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Advocacy Informed Consent Liver Donor

A Little Shameless Self-Promotion (and Living Donor Advocacy)

Megan Carlson wrote this bombastic article the other day, entitled:

Risks of Living Organ Donation Not ‘Sinking in,’ Researcher Says.

With quotes by Your Truly. Go read it; it’s awesome (not because I’m in it. That’s just a bonus).

Read it here too (with photo).

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Megan’s article went live on Thursday, so naturally, it began to make the rounds of the internet shortly following. On Friday night, someone posted it to a Facebook group for living donors wherein Christina Medlam commented:

I guess I’m kind of “lucky” in that regard … the team here made sure I had access to all sorts of information, including the “negative” information – at times it seemed they were doing everything they could to talk me out of it – they went into details about potential difficulties and not only that but in today’s day and age there’s no reason for anyone to feel “uninformed” if people would start taking some responsibility for looking things up themselves and asking questions … taking time to make these decisions … 

there are some things I wasn’t -fully- expecting but as far as this process goes I feel like I went into it with my eyes wide open and this was fully my decision / my choice and I have nothing but appreciation for those that have been involved with us in this journey.

unfortunately there seems to be a trend of blame when something doesn’t quite turn out as expected or a little less than ideal … 

Personally I’d do this all over again , and I’ll still recommend it to others 

it’s not a hero thing – it’s a human thing.

 

For obvious reasons, this didn’t sit well with me, so I responded to her with the following:

 

I take offense at the phrase ‘a trend of blame’. While I’m glad your LD experience was positive, to minimize others’ pain and experience by victim-blaming is simply wrong.

I’m not sure if you’re aware, but in the near sixty years since the first living kidney donor transplant, the transplant industry still doesn’t have any comprehensive data on living donors’ health and well-being. All transplant centers have been required to submit one year of followup on all living donors since 2000 yet over 1/3 are still reported ‘lost’. The mandate required transplant centers to report on 90% of their LDs to be considered compliant, yet according to last summer’s ACOT meeting, only 1/4 of active transplant centers met that standard. This mandate is over a decade old, and not a single transplant center has been penalized by CMS or OPTN for noncompliance. 

Meanwhile, if transplant centers’ websites are to be believed. donating a kidney doesn’t affect one’s lifespan/life expectancy nor increase one’s risk of kidney failure. However, we have NO data to prove either of those statements true, only studies by Segev and Ibrahim that have been taken wildly out of context.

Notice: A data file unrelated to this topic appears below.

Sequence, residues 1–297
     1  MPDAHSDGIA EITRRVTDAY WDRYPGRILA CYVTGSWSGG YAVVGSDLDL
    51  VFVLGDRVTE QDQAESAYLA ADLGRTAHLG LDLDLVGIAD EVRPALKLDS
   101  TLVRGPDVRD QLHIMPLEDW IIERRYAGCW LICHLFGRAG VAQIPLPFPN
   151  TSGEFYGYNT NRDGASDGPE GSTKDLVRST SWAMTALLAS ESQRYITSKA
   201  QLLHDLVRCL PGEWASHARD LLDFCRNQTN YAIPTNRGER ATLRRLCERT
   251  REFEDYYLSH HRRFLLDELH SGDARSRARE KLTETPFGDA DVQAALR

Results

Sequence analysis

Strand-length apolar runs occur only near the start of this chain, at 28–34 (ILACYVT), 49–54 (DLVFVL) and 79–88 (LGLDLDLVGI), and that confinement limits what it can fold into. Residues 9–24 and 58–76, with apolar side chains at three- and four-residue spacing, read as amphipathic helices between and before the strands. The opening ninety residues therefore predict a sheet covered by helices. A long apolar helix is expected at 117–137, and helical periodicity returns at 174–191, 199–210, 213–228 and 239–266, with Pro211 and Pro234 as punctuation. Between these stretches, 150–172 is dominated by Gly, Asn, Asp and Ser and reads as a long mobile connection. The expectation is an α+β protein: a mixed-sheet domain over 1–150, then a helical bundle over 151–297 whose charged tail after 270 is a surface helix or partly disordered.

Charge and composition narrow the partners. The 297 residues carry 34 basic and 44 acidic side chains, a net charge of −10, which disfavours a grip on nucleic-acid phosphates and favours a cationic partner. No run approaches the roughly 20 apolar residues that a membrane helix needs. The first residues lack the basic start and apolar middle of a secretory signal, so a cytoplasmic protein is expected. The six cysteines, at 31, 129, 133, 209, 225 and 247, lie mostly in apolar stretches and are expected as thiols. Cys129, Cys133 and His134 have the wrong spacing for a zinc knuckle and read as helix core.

And finally, the U.S. had no national standards of living donor evaluation, selection, or informed consent until this year, 2013. 

Yet somehow, in your opinion, if a person ‘feels uninformed’ it’s because they didn’t ‘take responsibility’ and want to blame someone else? Not only is that factually incorrect, it’s incredibly cruel.

 

To be fair, I don’t think my reply will change Medlam’s opinion. In fact, if the past four years are any sort of indicator, I actually expect to be attacked and called nasty names. If not by her, by others in the group.

But it’s important to address these sorts of perspectives. Again, not necessarily for the person saying them, but for others within earshot. Due to the lack of structured aftercare or support services for living donors, many seek information, camaraderie and support online, in groups like the one above. Donors who are struggling to understand their LD experience can be harmed by statements like Medlam’s, because it reinforces their already existing feelings of confusion, inadequacy and failure (not to mention that victim-blaming is just wrong).

Not everyone has the same capacity or resources for research or critical thinking on complex medical issues. And in western cultures, we’re taught to defer to the authority of the physician. So while yes, we should do our best to educate ourselves, the legal and ethical burden is on the transplant industry (and it’s professionals) to ensure we’re given the best treatment possible. It’s their responsibility to ferret out a prospective living donor’s expectations and address them if they’re unrealistic. It is their job to, as one nephrologist put it, protect us from ourselves.

Living donors who are suffering as a result of their experience need comfort and understanding. What they don’t need are recriminations and dismissals. They get enough of that from the world at large.

 

 

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